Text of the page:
Today was the first of four lighthouse-filled days on the north coast of Scotland alongside friends from the Association of Lighthouse Keepers (ALK) and it’s been a fabulous day. As the relatively new Events Coordinator (along with two others) for the ALK this was the first trip that I’ve done the majority of the organisation for so there is that added element to this one that I’ve not really experienced before. If the first day is anything to go by though then we should have no problems for the rest of the trip.
We began the morning by heading to Noss Head. I’ve been to Noss Head a few times and unfortunately it has always been very overcast or raining and always with fairly strong wind. The presence of the sun and absence of strong wind when we arrived was fantastic. I had been in contact with the owners of the cottages and they had very kindly offered to open up one of the cottages for the group to have tea and coffee inside, which was a really nice touch. The priority though was getting inside the tower, which we had managed to arrange with the Northern Lighthouse Board and their Retained Lighthouse Keeper who was ready and waiting for us when we got there.
There’s not a huge amount to see inside the tower itself. It’s not particularly tall so most of it is staircase until you are at the “control room” (or whatever its technical name is). From here we were able to get out onto the balcony, which was fantastic. You’re not a lot higher up from there, but it certainly gives you a better idea of how the coastline in the area looks – and as long as you were around the side where you were sheltered from the slight breeze it felt like the height of summer up there. It certainly was a peaceful place to be today. Having a chat to one of my lighthouse friends and waving to the others below was nice. It’s not something I’ve experienced very often, for two reasons: firstly, because I’m not often able to get inside the towers, and secondly, there often aren’t so many others around to enjoy the experience with. Back inside the final ladder takes you up to the lantern room. This lantern room has seen more than its fair share of comings and goings of light apparatus. It started with a proper lens (more on that later) and has, in the past year, just been changed again. The set up in there now is a very similar to the arrangement that has just been installed at Ardnamurchan with the two lights. Although I had seen it in Ardnamurchan and not been that impressed, I appreciated it a little more this time – and I think we were all surprised by how interesting we found it to be.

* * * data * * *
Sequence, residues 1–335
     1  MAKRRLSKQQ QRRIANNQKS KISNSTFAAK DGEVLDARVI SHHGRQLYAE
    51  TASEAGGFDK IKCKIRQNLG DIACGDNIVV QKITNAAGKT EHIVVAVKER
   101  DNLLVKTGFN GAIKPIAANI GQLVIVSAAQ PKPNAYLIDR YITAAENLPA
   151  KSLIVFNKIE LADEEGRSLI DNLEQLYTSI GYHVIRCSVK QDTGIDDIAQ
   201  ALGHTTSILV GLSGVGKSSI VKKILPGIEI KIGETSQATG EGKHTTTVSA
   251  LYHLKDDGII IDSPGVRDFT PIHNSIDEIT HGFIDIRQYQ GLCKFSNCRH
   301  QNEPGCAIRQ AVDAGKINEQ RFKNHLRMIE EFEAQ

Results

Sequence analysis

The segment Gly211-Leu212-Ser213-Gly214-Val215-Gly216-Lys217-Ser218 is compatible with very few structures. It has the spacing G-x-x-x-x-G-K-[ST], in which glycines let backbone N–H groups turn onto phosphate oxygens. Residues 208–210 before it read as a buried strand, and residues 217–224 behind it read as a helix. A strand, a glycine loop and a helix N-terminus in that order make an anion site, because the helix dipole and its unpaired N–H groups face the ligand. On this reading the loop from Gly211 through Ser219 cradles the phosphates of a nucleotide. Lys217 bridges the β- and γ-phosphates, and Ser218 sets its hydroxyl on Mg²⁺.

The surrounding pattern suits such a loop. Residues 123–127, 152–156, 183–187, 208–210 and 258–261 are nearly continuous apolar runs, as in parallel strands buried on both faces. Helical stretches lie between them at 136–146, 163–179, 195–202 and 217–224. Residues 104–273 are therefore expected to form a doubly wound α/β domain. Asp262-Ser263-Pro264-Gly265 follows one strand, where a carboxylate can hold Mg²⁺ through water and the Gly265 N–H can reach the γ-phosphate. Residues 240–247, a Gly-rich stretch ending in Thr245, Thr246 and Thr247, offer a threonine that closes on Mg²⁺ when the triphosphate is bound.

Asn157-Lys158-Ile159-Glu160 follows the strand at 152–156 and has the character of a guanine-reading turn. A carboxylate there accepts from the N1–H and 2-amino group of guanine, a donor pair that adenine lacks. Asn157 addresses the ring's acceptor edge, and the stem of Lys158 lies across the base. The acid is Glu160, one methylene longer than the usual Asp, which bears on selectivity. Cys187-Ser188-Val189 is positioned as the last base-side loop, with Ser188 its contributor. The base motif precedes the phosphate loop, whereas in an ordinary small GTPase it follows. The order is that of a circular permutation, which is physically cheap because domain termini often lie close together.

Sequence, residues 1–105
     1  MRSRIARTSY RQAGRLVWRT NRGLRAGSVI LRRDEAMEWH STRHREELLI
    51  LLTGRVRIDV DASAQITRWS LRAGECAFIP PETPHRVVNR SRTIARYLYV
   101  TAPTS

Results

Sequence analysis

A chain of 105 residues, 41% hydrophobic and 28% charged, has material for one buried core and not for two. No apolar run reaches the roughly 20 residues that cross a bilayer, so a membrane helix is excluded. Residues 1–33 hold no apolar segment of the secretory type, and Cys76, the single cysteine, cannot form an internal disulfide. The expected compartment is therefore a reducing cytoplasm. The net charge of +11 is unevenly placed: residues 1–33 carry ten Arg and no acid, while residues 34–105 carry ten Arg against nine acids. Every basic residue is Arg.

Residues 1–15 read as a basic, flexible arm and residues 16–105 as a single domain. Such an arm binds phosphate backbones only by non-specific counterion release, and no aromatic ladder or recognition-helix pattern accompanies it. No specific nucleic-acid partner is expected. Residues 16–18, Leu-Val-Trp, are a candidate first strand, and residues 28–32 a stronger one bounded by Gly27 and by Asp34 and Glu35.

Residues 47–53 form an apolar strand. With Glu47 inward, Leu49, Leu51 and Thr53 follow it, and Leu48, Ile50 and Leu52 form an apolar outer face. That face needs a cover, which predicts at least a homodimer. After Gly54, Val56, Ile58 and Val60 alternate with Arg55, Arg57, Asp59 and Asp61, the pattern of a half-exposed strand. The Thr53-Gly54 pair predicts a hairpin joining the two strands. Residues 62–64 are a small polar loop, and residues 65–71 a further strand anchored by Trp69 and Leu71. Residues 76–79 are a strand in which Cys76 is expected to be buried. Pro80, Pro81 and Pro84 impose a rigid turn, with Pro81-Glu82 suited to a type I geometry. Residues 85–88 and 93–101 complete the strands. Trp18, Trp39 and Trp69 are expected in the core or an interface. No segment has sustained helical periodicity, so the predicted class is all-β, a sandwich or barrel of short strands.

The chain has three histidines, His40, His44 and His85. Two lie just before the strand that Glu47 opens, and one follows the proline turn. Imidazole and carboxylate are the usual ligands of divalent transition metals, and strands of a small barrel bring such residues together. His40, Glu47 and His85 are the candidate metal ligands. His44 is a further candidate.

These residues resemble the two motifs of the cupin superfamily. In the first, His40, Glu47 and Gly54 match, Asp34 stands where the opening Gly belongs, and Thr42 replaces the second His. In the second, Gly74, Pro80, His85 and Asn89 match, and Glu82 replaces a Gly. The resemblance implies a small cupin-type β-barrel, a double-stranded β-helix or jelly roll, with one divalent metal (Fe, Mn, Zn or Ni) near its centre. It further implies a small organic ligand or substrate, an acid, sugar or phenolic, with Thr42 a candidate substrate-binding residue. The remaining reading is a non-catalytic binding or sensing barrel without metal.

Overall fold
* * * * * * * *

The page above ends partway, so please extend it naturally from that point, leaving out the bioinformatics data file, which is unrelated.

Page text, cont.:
After we had all been up the lighthouse there was still time to hang around and chat. The owners of the cottages had brought out some of the old pictures they had of some of the lighthouse families, obviously taken when the station was manned. They also have an array of lighthouse-related books on the shelves there. It was a really great morning. The weather helped, but the company was very good too.
We had lunch in Wick, pre-arranged with the staff at Mackay’s. I wouldn’t normally mention meals, but they had printed a sign for us at the entrance of the room we were in saying “Welcome to the Lighthouse Keepers Lunch”, which I thought was very sweet.
After lunch we took a stroll around Wick harbour and, in particular, up to the lighthouse at the end of the south pier. Everyone was getting in each others pictures, but we were all jokingly telling each other to move or not to move, which was amusing. We still had the blue sky on our side and the white lighthouse certainly looks much nicer in the sunshine, as most things do. We also saw the other light in the harbour. They are doing a lot of regeneration work at the harbour in the near future and I do worry that this “lantern with legs”, as I came to call it, will become a casualty of this work. Hopefully it won’t, we will just need to wait and see.
Continuing to walk back around the harbour we arrived at Wick Heritage Centre, which houses the old lens from Noss Head lighthouse. Ian, who showed us around the Museum initially, was very aware of why we were all there so gave a brief introduction before taking us along to see the lens. It’s a beautiful piece of art – as well as performing a very important function back in the day of course. They have installed a bulb inside the lens so you can get the effect of the flashing as Ian spun it around for us. I had seen the lens here before on a previous visit (I recall being very pregnant at the time so probably had other things on my mind), but didn’t appreciate it as much then as I did today. Perhaps that comes from having seen more lenses since. I can’t really do it justice by describing it so I will just add a picture below.
Interestingly, the Museum have managed to secure the light apparatus that has just recently been removed from Noss Head, so they will now have two generations of light history from Noss Head at the museum. Although the latest addition to the museum will not be anywhere near as impressive as the old lens, it’s still great that they are making something of it and almost creating a timeline of the changes of light at the lighthouse. A really great idea and I’m so glad that they are doing it. The group seemed to really enjoy the rest of the museum too, which was great.
All in all, it’s been a really good day. Very enjoyable time spent with some lovely new friends. More fun to come tomorrow 🙂